Then ...  Inside the Crazy House O'Hara trips and falls down a long slide to the Magic Mirror Maze, a room packed with replicating and distorting mirrors.  Suddenly Elsa appears, admitting she shot Grisby after he messed up her plan to do away with her husband Bannister.  The mirror maze sequence, as illustrated by the composited image below, was a highlight of the movie.

... in 1949 ...  Below, visitors of all ages enjoyed the real Hall of Mirrors in the Fun House at Playland-At-The-Beach (the inspiration for the movie's Crazy House).  The movie however used an elaborate set built at the Columbia Ranch back lot, with more than 100 plate-glass mirrors, some of them two-way to let the camera shoot through them.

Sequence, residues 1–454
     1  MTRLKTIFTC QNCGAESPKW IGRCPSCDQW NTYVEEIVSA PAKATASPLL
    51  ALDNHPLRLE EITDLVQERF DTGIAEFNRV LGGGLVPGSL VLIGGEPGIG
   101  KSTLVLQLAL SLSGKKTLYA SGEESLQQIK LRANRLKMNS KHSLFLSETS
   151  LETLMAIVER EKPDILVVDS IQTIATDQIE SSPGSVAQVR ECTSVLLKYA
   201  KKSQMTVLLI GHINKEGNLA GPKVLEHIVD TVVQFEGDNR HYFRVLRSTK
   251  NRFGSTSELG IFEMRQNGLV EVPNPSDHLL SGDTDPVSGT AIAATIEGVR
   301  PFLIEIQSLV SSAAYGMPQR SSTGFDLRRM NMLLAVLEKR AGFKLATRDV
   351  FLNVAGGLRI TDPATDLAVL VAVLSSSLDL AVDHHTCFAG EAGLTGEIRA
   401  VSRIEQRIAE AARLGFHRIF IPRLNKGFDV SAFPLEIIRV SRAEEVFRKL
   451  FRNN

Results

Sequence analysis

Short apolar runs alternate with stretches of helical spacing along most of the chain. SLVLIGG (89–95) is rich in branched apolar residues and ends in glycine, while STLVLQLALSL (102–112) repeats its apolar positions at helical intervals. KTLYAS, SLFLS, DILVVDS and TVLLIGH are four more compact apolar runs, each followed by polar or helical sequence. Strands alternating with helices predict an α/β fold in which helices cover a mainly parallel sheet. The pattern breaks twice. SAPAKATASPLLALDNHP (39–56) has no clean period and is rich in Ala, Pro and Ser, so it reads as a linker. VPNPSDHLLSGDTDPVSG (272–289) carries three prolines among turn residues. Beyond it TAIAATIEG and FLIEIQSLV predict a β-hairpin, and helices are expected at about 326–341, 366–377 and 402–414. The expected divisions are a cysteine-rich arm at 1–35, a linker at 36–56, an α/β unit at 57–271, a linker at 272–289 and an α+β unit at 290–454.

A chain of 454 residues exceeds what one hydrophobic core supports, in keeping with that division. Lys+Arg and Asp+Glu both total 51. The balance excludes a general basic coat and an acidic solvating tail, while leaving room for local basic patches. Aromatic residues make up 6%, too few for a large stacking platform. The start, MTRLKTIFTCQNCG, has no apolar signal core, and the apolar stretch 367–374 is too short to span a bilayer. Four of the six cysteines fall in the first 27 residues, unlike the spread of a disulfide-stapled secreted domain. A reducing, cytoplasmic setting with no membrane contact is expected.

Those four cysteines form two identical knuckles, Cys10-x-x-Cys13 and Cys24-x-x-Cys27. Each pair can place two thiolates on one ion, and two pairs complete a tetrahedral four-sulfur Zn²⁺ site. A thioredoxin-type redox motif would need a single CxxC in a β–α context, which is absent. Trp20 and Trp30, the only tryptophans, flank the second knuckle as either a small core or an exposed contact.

Now it's Bannister's turn to show up - he knows she was planning to have him killed and tells Elsa she would be foolish to fire her gun -  "... these mirrors - it's difficult to tell - you are aiming at me aren't you?  I'm aiming at you, lover!

  Bullets fly and mirrors shatter as they desperately target each other's multiple images.  The dramatic footage includes this chilling view of the ice-cold femme fatale.

  Both Elsa and Bannister are hit.  " I don't wanna die!! " she screams, but die she does.  Bannister too, leaving O'Hara unscathed but in a state of numbed shock.  In this scene, director Welles was unhappy with the studio's addition of crashing background music.  He felt (CitySleuth agrees) that the gunfire and breaking glass alone would be more effective and realistic.


Then ...  He exits the Crazy House.  This was filmed on location at the Fun House at Playland-At-The-Beach during the winter when the amusement park was closed for the season.